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Pesticides & Cotton Production

August 6, 2020

Insect on a Plant

Crop Protection and Agriculture

Without the use of pesticides, we would not be able to provide a nutritional, plentiful and affordable food supply for a rapidly growing global population. In fact, it’s estimated that over 80% of the global cotton crop would be lost to insects, fungi and weeds1 without them.

Globe Infographic

It’s estimated that over 80% of the global cotton crop would be lost to insects, fungi and weeds without pesticides.

What is cotton’s share of worldwide pesticide use?

Cotton is not the largest user of agricultural pesticides—it’s actually one of the lowest, accounting for less than 5% of the world’s total pesticide sales2, despite some erroneous claims.

Global Pesticide Bar Chart

How much pesticides are used per pound of cotton produced in the U.S.?

According to the USDA, in 2017 the following amounts of pesticides were applied to each acre of cotton:

Pesticide Infographic

The average acre in 2017 produced 905 pounds of cotton3. That means less than one tenth of one ounce of pesticides were used per pound of cotton produced. Or, to illustrate that in a more practical way, the same amount as about three packets of artificial sweetener.

Plus, with improvements in biotechnology, new cotton varieties, and Integrated Pest Management (IPM) programs, the number of insecticide applications has dropped more than 50% in the United States in the last 30 years4.

Why is cotton regulated as a food crop?

Because cotton is much more than the fiber you’re familiar with. There are many economically important by-products of cotton, such as cottonseed, cottonseed oil, cottonseed meal, and cotton linters. Since these are used in human and animal foodstuffs, cotton is treated just like other food crops such as soybeans, corn or wheat by the U.S. Food and Drug Administration.

Do chemicals used in the field stay on the cotton as it is turned into a piece of clothing?

No. The timing of applications and manufacturing process including extensive fiber cleaning such as scouring, bleaching, and dying mean pesticide residues are not found on cotton yarn. Additionally, rigorous testing by international organizations, such as the Bremen Cotton Exchange, help monitor raw fiber contamination.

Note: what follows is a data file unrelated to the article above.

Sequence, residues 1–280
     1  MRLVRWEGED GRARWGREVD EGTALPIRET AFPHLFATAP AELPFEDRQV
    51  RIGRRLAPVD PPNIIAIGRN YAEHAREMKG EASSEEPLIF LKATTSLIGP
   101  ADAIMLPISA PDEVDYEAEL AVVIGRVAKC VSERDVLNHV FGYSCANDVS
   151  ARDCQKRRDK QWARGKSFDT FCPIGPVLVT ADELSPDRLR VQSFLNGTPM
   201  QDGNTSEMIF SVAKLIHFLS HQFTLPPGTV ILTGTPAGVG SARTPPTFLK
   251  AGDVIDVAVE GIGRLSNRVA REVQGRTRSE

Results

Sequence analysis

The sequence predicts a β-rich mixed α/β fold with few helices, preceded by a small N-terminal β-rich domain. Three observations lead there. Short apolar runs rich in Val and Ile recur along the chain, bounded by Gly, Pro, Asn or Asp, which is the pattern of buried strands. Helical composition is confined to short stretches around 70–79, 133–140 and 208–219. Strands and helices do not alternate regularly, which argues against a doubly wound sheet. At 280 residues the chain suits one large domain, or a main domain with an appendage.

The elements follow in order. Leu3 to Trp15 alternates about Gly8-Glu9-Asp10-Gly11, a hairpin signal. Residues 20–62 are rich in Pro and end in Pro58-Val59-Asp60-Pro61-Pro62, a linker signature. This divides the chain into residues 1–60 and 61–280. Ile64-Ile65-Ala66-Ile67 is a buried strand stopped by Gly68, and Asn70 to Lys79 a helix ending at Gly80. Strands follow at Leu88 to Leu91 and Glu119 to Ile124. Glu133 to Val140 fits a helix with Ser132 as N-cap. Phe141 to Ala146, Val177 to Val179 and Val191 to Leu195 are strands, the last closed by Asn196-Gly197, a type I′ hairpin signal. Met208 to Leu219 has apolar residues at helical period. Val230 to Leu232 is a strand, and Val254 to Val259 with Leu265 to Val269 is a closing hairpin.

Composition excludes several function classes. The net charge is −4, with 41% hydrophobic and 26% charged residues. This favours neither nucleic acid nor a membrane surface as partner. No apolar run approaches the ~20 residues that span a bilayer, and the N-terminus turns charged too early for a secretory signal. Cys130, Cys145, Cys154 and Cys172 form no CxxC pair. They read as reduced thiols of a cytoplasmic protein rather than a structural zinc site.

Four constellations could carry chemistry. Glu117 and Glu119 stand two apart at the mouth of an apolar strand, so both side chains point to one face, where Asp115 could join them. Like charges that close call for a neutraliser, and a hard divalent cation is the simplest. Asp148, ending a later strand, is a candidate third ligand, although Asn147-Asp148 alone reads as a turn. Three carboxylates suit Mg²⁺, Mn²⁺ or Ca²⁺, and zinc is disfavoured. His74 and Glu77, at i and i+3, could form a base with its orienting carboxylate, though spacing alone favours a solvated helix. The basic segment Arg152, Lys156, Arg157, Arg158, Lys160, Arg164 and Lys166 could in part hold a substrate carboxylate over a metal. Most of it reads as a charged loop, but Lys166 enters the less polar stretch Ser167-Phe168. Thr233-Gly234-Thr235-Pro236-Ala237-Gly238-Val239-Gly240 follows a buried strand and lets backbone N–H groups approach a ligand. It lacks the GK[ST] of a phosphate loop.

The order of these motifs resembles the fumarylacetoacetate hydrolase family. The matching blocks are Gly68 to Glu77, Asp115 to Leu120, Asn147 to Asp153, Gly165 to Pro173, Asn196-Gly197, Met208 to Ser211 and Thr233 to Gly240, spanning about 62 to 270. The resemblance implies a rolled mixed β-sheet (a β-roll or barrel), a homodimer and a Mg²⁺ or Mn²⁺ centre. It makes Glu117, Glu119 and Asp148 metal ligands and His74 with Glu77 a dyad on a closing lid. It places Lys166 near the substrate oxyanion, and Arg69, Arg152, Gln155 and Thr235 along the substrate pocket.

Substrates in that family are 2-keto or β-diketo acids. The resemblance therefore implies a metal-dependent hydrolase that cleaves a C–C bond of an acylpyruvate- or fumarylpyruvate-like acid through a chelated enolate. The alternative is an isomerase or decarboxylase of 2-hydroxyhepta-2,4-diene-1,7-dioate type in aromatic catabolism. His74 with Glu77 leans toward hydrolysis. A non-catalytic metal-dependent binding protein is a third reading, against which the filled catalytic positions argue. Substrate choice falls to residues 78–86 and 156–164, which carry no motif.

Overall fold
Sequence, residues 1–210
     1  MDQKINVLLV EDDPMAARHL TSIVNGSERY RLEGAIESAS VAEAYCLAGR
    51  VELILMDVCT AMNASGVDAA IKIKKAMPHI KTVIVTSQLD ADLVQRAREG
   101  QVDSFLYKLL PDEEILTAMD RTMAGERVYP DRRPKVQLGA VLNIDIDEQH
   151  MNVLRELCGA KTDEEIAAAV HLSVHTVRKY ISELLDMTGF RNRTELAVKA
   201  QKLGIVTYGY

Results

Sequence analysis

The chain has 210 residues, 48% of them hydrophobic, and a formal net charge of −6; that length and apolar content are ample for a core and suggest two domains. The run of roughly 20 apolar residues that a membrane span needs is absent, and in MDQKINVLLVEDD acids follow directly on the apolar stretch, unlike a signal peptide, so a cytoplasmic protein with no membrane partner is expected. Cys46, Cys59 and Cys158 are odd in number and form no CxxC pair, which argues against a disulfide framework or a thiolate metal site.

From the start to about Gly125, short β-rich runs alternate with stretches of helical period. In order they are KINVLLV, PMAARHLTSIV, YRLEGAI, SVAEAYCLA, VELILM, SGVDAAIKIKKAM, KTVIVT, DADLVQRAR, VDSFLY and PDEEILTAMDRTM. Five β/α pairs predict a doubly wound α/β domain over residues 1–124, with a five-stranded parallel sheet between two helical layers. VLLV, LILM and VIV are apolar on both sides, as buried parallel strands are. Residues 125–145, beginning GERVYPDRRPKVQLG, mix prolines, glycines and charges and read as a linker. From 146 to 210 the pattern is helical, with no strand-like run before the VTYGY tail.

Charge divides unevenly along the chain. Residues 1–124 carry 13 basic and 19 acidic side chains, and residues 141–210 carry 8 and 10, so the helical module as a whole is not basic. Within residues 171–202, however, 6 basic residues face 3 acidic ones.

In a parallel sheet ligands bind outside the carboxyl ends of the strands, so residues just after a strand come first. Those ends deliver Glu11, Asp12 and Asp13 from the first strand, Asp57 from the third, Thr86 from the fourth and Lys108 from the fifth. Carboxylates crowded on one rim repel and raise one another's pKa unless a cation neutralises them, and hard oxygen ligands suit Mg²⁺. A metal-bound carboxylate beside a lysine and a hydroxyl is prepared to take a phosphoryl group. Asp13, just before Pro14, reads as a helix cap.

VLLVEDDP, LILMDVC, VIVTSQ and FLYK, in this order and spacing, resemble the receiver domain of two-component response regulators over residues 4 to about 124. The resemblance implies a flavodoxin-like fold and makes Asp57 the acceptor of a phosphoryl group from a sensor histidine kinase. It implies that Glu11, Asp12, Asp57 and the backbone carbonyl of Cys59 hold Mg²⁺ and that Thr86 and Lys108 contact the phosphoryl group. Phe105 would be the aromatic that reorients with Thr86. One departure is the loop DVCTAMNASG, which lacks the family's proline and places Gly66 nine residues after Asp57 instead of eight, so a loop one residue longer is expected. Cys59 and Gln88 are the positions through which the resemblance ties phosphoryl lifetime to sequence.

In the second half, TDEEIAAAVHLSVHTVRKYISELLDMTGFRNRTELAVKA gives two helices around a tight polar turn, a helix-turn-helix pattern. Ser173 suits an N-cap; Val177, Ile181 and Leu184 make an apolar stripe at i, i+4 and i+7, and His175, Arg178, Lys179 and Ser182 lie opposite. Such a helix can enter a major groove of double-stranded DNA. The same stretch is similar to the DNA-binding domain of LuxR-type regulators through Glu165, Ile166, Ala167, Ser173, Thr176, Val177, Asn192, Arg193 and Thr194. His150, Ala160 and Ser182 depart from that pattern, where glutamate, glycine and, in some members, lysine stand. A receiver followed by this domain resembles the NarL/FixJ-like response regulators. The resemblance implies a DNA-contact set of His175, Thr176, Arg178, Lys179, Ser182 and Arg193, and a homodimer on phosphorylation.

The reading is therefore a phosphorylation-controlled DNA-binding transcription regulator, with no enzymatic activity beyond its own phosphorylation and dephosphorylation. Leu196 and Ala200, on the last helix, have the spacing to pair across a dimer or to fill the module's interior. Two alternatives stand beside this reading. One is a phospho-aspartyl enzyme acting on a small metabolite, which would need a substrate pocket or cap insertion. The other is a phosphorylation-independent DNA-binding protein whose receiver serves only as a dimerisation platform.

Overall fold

What is Bt-cotton and why is it important to the cotton industry?

Bt, or Bacillus thuringiensis, is a soil dwelling bacteria that produces insecticidal proteins which are currently used as a topical pesticide for organic cotton. Scientists were able to incorporate genes that encode Btproteins directly into a plant, giving us a cotton that is resistant to certain pests and reducing the amount of foliar insecticides applied. Since the introduction of Bt cotton, the number of insecticide applications in the U.S. has been reduced by half.

Does certified organic cotton production allow for pesticide use?

In short, yes. As an example in the U.S., there is an approved list of pesticides for organic production that are derived from both synthetic non-synthetic sources5. Organic cotton production allows for pesticides such as Bacillus thuringiensis (Bt), copper oxychloride, or sodium hypochlorite. When following product labels, both non-synthetic and synthetic pesticides can be used responsibly to minimize both human health and environmental impacts.

For more information about pesticide use in cotton, visit cottontoday.cottoninc.com

1: Oerke, E.-C., & Dehne, H.-W. (2004). Safeguarding production—losses in major crops and the role of crop protection. Crop Protection, 23(4), 275–285. https://doi.org/10.1016/j.cropro.2003.10.001
2: Phillips McDougall, (2017). World Pesticide Sales Data.
3: United States Department of Agriculture NASS QuickStats. (2020). Cotton Yeild and Production Data. https://quickstats.nass.usda.gov/
4: National Cotton Council Beltwide Cotton Conference Proceedings 1987-2016 & Mississippi State University Cotton Insect Losses Reports.
5: Electronic Code of Federal Regulations (eCFR). (2020). 205.105 Allowed and prohibited substances, methods, and ingredients in organic production and handling. https://www.ecfr.gov/cgi-bin/text-idx?c=ecfr&SID=9874504b6f1025eb0e6b67cadf9d3b40&rgn=div6&view=text&node=7: